Worm Targets Skype VoIP Application

Remember back in the good old days when viruses floated around on floppy discs? Or, more recently, when your biggest threat of having a worm take over your computer was using Microsoft’s Internet Explorer or Outlook email program, knowing that even if you dutifully downloaded the latest updates, you could never quite be sure you were safe? Well, malware writers have been expanding their horizons, and any software application with a large user base is sure to be a target. Case and point, VoIP application Skype and its more than 170 million users.

According to antivirus and security vendor F-Secure, a new worm is targeting the Skype application for Windows, harvesting the machine for email addresses and directing users to a range of Web sites hosting malware. Once the worm has set itself up on a machine, it sends a malicious link to users in the infected machine’s Skype contact list via instant messaging; that link leads to a Trojan application which can download additional malicious software while showing an image of a “lightly dressed” woman…presumably to distract users. The worm also points users to a selection of sites about Africa; Sophos’ Graham Cluley speculates the links may be an attempt at click fraud, using the compromised PCs to “generate advertising revenue for them by increasing their number of ‘hits’.” It also sets a user’s status to Do Not Disturb, block inbound calls and messages.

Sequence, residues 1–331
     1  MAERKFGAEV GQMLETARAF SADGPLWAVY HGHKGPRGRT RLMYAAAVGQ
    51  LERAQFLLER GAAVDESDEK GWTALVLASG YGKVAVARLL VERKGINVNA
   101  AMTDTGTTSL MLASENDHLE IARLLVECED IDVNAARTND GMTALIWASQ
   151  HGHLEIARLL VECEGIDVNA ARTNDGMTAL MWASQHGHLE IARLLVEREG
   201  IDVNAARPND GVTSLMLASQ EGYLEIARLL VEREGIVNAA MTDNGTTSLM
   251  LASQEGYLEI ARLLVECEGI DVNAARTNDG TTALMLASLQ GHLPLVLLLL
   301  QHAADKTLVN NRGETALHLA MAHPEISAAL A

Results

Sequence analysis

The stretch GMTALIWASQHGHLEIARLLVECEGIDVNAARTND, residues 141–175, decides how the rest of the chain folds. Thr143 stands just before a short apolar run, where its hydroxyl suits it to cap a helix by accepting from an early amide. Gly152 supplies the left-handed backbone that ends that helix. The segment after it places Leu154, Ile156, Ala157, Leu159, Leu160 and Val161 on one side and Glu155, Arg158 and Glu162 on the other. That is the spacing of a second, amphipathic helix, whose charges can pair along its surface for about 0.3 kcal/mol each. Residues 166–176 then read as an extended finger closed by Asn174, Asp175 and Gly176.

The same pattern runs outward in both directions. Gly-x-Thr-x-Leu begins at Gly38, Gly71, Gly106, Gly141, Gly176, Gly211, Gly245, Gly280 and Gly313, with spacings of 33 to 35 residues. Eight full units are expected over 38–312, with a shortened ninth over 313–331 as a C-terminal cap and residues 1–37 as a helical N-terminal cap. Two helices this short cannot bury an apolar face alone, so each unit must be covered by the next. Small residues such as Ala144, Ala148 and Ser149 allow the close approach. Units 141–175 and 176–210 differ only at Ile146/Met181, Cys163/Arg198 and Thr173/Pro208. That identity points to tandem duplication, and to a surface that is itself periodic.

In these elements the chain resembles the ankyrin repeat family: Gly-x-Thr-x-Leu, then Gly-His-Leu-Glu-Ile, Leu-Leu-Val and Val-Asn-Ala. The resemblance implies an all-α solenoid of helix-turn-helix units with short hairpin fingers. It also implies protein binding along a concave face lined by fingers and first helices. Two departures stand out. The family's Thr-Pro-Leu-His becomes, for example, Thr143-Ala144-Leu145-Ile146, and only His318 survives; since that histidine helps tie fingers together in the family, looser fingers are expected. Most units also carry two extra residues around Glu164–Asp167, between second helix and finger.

The new worm—dubbed “Pykse A”—is not the first worm to target the Skype application’s instant messaging capability, although none of the previous efforts have been widespread in comparison to other malware targeting the Windows platform. At first glance, the Pykse worm doesn’t appear to be on track for wide propagation, but the increasing advent of Skype worms raises security concerns, and points to the potential risk of using VoIP and instant messaging software to both organizations and individuals. “Our advice would be for companies to audit the software that their users are running,” said Cluley, “not only to prevent potential malware security issues—but also because of the other risks that unauthorized software can bring to company data and networks.”

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